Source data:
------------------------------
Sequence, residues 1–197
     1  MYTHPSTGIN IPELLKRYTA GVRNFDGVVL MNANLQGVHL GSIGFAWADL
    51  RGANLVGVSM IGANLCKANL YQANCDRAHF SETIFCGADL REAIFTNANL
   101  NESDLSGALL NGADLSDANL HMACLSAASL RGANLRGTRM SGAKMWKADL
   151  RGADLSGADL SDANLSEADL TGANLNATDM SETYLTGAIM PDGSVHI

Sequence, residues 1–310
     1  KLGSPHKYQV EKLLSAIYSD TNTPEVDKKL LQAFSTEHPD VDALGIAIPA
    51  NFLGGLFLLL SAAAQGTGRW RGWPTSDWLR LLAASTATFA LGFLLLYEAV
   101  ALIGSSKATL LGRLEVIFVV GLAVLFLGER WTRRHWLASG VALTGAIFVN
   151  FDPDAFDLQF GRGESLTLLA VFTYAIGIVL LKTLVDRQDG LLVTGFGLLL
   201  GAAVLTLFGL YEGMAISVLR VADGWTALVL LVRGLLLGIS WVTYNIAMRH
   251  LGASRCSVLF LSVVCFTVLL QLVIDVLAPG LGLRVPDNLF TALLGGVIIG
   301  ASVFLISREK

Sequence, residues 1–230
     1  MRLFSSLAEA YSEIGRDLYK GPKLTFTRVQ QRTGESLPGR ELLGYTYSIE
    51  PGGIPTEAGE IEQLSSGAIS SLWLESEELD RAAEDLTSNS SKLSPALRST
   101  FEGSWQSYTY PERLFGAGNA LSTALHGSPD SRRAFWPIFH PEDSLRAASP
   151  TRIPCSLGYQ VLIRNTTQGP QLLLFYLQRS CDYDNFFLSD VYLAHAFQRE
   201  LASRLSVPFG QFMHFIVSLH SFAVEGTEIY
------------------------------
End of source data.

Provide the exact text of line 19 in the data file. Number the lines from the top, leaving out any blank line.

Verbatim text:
   201  LASRLSVPFG QFMHFIVSLH SFAVEGTEIY